Ohio Gov. Mike DeWine tested positive for COVID-19 on Thursday as he was waiting on the tarmac to greet President Trump for his visit to the state while unemployment claims dipped after two consecutive weeks of increases, and the leader of the World Health Organization said he wants the U.S. to reconsider leaving the organization as the coronavirus pandemic cannot be defeated in a world “divided.”

DeWine announced his positive test results in a Twitter post, which was followed by a statement from the governor’s office, saying he would be returning to Columbus where first lady Fran DeWine would be also be tested.

The Republican governor was tested for the coronavirus as part of standard protocol ahead of the arrival of President Trump at the Burke Lakefront Airport in Cleveland. Trump was visiting the state to tour the Whirlpool plant in Clyde, and would then be attending a private fundraiser in Bratenahl.

DeWine said on Twitter he had no symptoms and would be quarantined at his home in Cedarville, Ohio, for 14 days.

Lt. Gov. Jon Husted was also in Cleveland to greet the president but tested negative for the virus, the governor’s office said.

Amid the announcement from DeWine, WHO Director-General Dr. Tedros Adhanom Ghebreyesus told "NBC Nightly News" in an interview hosted by the Aspen Security Forum he wishes the U.S. would reconsider leaving the United Nations organization.

The Trump administration had previously said it would pull the U.S. out of the WHO by next July 6, accusing the organization of misusing funds and being too chummy with China, where the coronavirus originated.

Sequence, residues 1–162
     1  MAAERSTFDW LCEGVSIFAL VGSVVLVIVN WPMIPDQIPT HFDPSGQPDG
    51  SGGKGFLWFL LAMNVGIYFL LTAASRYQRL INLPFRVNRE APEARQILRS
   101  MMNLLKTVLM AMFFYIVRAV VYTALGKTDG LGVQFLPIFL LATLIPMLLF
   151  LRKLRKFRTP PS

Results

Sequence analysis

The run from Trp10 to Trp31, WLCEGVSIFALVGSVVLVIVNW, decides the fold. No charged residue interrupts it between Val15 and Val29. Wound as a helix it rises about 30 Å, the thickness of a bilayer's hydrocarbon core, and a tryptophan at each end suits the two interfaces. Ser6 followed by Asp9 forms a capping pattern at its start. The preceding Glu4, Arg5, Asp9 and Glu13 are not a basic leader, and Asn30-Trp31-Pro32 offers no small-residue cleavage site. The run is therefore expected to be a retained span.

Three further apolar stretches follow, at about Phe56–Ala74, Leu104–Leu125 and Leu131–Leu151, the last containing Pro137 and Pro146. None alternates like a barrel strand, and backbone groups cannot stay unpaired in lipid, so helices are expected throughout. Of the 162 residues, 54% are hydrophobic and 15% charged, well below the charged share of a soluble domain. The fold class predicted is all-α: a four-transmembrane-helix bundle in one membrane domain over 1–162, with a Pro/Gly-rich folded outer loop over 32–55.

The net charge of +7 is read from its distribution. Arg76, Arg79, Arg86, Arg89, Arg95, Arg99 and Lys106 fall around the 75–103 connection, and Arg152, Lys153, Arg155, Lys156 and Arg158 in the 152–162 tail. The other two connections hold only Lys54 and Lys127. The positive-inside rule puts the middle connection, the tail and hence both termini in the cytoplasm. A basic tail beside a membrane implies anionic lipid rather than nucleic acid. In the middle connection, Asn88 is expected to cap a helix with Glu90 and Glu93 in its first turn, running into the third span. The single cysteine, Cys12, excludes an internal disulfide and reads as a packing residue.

The U.S. is the largest funder of the WHO, which has said that if it were to lose its funding, it would cost lives, CNBC reported.

“The problem is not about the money, it’s not the financing that’s the issue. It’s actually the relationship with the U.S. that’s more important and its leadership abroad,” Tedros said in the interview.

Despite the decision to leave the WHO, the U.S. has continued to collaborate with the organization.

Also on Thursday, initial unemployment claims filed last week were down to nearly 1.2 million, a decrease from a week earlier, breaking a two-week streak of increases. While the number of unemployment claims was down, it still topped 1 million.

News of the decrease in unemployment claims comes as an agreement by Republicans and Democrats on a stimulus relief package was stalled. The parties are looking to extend the enhanced unemployment benefit, which has expired with Democrats wanting to extend the $600 benefit through January while the White House is looking to reduce the benefit and provide it a shorter duration.

In other coronavirus news:

  • Gov. Andrew Cuomo will make a last-minute decision on whether to reopen New York City schools in fall for in-person learning amid the coronavirus pandemic, Bloomberg reported. The decision, Cuomo said, would occur the first week of August, leaving only Friday to respond if the governor sticks to his self-imposed timeline, Bloomberg said. The majority of the major school districts across the U.S. have said they will begin the school year in fall virtually.